How can you classify different levels of skills you want your students to gain from your classes?
Learning objectives are traditionally categorized after Bloom’s (1956) taxonomy. Bloom separates learning objectives in three classes: cognitive, affective and psychomotor. Cognitive learning objectives are about what people know, understand and about their thinking processes dealing with and synthesizing that knowledge. Affective learning objectives are about feelings and emotions. Lastly psychomotor learning objectives are about what people do with their hands. Even though Bloom was trying to combine all three classes, in the context of today’s university education, the focus is clearly on cognitive learning objectives.
Cognitive learning objectives can be divided into sub-categories. From low-level to high-level processes those categories are as follows:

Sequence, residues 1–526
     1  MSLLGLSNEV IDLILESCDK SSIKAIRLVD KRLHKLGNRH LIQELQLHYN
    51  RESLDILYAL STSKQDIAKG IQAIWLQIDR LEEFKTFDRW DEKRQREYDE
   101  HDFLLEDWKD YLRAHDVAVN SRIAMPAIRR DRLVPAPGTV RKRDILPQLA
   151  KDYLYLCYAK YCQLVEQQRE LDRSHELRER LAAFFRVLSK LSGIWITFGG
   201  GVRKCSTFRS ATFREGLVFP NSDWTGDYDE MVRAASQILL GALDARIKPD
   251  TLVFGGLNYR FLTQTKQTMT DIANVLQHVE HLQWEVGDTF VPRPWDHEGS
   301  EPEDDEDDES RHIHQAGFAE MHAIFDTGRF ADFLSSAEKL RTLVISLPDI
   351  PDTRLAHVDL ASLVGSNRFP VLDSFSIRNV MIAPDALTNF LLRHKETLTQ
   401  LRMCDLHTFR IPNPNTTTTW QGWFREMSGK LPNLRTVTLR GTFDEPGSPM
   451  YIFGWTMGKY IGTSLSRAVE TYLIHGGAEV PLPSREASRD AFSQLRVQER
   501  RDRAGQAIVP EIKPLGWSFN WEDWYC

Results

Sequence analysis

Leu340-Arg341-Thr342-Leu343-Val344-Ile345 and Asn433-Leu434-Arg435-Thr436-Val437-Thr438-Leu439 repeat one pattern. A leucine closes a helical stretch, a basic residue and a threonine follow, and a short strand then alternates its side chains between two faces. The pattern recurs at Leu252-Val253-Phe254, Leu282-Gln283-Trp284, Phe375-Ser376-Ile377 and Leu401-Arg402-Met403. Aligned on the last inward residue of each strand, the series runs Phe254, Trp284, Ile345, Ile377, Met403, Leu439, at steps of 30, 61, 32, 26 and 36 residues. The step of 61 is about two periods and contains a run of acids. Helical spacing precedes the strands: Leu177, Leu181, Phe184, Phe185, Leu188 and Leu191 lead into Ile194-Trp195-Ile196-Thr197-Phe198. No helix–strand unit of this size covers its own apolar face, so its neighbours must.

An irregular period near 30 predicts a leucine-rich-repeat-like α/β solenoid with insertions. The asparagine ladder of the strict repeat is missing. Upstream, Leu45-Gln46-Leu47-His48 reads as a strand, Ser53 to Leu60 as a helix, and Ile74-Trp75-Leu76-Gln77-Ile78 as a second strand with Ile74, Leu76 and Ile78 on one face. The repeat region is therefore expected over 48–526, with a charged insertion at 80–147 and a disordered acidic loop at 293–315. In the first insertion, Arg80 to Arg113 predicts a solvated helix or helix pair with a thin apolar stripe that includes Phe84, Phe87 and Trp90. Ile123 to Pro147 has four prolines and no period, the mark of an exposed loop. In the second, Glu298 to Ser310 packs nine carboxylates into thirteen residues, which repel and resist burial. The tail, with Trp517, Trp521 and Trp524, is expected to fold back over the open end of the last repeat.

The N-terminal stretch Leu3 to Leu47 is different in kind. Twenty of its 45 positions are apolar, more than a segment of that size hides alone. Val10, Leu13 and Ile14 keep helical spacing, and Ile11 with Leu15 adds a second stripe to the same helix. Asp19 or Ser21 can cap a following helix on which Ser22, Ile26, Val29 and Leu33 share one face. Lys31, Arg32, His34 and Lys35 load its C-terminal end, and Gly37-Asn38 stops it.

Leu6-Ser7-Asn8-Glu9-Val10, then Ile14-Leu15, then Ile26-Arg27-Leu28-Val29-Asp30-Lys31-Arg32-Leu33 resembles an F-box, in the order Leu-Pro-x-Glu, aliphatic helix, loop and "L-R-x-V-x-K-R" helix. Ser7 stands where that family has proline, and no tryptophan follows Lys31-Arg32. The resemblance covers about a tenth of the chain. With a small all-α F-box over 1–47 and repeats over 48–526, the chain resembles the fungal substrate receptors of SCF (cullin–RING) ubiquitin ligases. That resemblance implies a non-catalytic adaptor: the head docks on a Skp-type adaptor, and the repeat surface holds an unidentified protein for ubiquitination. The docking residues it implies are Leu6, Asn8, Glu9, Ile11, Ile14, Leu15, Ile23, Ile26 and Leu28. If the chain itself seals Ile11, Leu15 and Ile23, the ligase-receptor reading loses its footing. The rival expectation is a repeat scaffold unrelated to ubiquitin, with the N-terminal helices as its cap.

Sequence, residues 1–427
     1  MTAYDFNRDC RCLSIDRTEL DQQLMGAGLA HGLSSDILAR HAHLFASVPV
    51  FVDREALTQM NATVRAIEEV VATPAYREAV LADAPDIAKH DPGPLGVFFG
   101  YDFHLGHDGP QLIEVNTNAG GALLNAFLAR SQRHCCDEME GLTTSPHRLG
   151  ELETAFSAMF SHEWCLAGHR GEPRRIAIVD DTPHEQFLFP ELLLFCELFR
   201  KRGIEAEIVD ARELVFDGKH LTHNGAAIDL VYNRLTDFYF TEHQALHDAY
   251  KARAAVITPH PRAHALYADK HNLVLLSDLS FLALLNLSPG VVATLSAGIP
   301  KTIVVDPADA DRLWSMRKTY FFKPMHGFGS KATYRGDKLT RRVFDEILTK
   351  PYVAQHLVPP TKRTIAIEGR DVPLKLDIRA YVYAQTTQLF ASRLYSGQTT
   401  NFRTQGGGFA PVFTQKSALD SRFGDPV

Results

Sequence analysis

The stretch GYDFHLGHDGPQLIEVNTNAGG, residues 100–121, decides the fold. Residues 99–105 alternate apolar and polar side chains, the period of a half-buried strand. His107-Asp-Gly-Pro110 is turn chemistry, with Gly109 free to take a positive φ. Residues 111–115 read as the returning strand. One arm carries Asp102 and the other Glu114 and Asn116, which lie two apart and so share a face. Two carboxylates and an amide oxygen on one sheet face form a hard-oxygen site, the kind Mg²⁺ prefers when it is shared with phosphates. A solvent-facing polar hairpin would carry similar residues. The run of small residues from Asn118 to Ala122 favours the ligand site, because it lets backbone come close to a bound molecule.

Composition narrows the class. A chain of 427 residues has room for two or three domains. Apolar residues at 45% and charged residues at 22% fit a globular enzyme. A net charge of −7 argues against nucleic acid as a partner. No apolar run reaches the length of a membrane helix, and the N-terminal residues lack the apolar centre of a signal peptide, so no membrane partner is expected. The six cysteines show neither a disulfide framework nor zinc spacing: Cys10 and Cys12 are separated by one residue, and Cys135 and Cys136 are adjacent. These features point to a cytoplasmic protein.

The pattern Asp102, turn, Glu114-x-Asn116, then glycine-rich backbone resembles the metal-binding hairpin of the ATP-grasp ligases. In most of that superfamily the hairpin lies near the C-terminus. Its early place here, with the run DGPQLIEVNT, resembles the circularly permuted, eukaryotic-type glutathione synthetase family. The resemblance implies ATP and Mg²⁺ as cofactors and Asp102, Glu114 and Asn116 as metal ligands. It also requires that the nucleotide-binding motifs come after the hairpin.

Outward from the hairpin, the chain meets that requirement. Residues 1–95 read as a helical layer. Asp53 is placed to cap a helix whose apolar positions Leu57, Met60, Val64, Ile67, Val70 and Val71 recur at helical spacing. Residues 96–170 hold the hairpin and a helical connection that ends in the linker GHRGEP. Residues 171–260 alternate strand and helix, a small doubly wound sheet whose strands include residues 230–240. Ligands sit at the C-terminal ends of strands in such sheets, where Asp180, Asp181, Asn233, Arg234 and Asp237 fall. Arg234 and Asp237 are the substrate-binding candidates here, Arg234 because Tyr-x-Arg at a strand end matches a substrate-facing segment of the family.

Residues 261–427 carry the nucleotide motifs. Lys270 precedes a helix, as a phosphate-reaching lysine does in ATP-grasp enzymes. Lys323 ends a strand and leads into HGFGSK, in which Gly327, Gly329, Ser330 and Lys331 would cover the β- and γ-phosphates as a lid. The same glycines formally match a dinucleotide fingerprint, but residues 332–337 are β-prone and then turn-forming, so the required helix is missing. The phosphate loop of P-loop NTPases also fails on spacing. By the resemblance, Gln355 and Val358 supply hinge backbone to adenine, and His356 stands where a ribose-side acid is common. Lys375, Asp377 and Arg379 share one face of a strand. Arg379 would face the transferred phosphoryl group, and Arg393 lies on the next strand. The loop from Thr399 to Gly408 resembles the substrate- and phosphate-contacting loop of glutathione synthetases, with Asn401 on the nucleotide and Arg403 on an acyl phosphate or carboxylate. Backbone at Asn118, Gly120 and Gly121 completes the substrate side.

Knowledge Learning gains on this level can for example be tested by asking students to repeat, define or list facts, definitions, or vocabulary.
Comprehension In order to test comprehension, students can for example be asked to describe, determine, demonstrate, explain, translate or discuss.
Application Ability to apply concepts is shown for example by carrying out a procedure, calculating, solving, illustrating, transferring.
Analysis Competency on this level can be tested by asking students to contrast and compare, to analyze, to test, to categorize, to distinguish.
Synthesis Ability to synthesize can be shown by assembling, developing, constructing, designing, organizing or conceiving a product or method.
Evaluation The highest level, evaluation, can be tested by asking students to justify, assess, value, evaluate, appraise or select.
In the next post I’ll talk about how you can use this classification to help with developing good multiple-choice questions, so stay tuned!